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“There are four ways, and only four ways, in which we have contact with the world. We are evaluated and classified by these four contacts: what we do, how we look, what we say, and how we say it.” – Dale Carnegie (1888-1955), American Educator
When it comes to your business e-mail communications, you need to make an impression that can lend to the determination that you are a credible professional enterprise and someone who will be easy and a pleasure to do business with. You only have one chance to make that first impression which will be invaluable to building trust and confidence.
The Business E-mail Etiquette Basics You Need to Know
Below are the key Business Email Etiquette issues that need to be considered with every commercial e-mail sent. These are the issues business owners, their employees, and Netrepreneurs need to be aware of in their day-to-day online communications to ensure the best possible results.
- Professional Behavior on the Job: Know that how you use your e-mail, company e-mail address, and employer’s technology is a serious issue! Sending non-business related e-mails, jokes, forwards, or chain letters on company time to friends or coworkers reflects on your lack of professionalism. Visiting Web sites that are questionable or not necessary to your job responsibilities will reflect poorly on your ability to be trusted. Never assume that these activities are not being monitored. While on company time do not assume you have any privacy when using company resources and equipment.
- SUBJECT: Field: The SUBJECT: field is the window into your e-mail and can many times determine even if your e-mail will be opened. If this is an initial contact with a customer based on their request through your site or otherwise, be sure to have a short SUBJECT: that indicates clearly what the topic of the email is. Typos, all caps, or all small case can lend to the impression you may be spammer.
- Level of Formality: Try to avoid the prevailing assumption that e-mail by its very nature allows you to be informal in your business e-mail. Only time and relationship building efforts can guide when you can formalize your business relationships and your e-mail’s tone. One should communicate as if your e-mail is on your company letterhead. This means black text and standard fonts, too! This is your business’s image you are branding!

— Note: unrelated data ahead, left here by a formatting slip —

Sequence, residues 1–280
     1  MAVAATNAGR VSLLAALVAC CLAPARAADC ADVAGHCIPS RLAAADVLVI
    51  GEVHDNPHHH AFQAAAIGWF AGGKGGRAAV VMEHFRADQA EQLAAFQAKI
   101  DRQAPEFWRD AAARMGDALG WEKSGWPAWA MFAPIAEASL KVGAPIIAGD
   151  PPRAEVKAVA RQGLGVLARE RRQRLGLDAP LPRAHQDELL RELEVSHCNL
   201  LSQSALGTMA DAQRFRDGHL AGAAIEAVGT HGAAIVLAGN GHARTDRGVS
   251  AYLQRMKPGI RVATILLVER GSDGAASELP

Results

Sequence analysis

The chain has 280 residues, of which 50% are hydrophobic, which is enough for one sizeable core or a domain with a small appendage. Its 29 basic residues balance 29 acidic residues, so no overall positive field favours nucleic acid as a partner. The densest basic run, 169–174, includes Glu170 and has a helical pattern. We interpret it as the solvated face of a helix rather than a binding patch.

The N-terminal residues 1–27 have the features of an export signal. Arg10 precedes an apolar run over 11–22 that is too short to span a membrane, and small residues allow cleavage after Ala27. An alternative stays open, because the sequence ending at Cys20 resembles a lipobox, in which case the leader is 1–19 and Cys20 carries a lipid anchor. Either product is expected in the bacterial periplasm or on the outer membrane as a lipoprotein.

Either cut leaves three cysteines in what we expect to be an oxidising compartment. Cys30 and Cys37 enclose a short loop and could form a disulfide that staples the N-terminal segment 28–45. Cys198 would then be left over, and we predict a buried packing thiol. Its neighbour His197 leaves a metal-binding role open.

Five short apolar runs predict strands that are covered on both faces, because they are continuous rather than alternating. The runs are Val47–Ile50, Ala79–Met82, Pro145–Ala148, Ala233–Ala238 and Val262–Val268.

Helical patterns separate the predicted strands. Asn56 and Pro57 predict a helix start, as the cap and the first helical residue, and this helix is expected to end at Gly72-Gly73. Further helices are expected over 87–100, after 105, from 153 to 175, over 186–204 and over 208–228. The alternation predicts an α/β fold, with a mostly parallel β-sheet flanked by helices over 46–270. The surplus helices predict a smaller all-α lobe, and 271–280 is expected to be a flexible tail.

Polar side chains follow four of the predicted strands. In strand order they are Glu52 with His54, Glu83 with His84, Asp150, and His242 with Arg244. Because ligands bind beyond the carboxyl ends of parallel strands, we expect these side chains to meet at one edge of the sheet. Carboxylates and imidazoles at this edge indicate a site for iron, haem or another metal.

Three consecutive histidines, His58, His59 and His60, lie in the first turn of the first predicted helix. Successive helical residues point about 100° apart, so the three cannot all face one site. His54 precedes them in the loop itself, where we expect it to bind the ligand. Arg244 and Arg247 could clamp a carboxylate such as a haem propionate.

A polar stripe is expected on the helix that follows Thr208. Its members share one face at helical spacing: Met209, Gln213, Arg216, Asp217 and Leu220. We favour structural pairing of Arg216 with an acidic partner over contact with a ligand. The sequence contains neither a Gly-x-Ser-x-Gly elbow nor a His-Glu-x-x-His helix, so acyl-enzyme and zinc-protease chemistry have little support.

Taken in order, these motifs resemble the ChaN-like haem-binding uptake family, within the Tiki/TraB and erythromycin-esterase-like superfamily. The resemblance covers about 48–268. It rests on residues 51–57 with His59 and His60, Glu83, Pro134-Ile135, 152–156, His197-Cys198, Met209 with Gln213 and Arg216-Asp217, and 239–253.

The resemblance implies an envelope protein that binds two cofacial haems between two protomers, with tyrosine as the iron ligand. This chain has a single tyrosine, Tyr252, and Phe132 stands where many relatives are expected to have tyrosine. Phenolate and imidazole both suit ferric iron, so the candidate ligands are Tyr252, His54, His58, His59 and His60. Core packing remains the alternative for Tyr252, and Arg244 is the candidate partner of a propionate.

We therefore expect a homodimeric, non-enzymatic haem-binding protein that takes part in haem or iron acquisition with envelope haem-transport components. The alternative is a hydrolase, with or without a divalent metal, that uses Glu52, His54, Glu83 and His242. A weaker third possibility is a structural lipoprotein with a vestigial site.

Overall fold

- Addressing: How do you address your new contacts? I would suggest initially that you assume the highest level of courtesy: Hello, Mr. Anderson, Dear Ms. Jones, Dr. Osborne, etc., until your new contact states, “Call me Andy” or “You can call me Diane.” You will also be able pick up clues on when you can have a more relaxed tone by how contacts approach you, as well as how they sign off. Most business people do not mind being called by their first name; however, in a global economy that can be perceived as taking premature liberties in the relationship if used too soon.
- TO:, From:, BCc, Cc fields can make or break you: In the TO: field make sure you have your contact’s name formally typed. John B. Doe – not john b doe or JOHN B DOE. In the FROM: field make sure you have your full name formally typed. Example: Jane A. Jones. Not: jane a jones or JANE A JONES. The later two give the perception of lack of education or limited experience with technology. By only including your first name or e-mail address you are giving the perception you may have something to hide or do not know the basics of configuring your e-mail program. BCc: use this field when e-mailing a group of contacts who do not personally know each other. Listing an arm’s length list of e-mail addresses in the Cc or TO fields of contacts who do not know each other or who have never met is conducive to publishing their e-mail address to strangers. This is a privacy issue! With those you are forging partnerships with, visibly listing their e-mail address in with a group of strangers will make one wonder what other privacy issues you may not respect or understand. Cc: Use this field when there are a handful of associates involved in a discussion that requires all be on the same page. These business people know each other or have been introduced and have no problem having their e-mail address exposed to the parties involved. If you are not sure if a business associate would mind their address being made public, ask!
- Reply to All: Use this button with discretion! You need to carefully think about whether “all” really need to be aware of your reply to conduct business. Never use this button to CYA or eTattle on a coworker or colleague — doing so will just make you look petty while increasing others’ e-mail volume unnecessarily.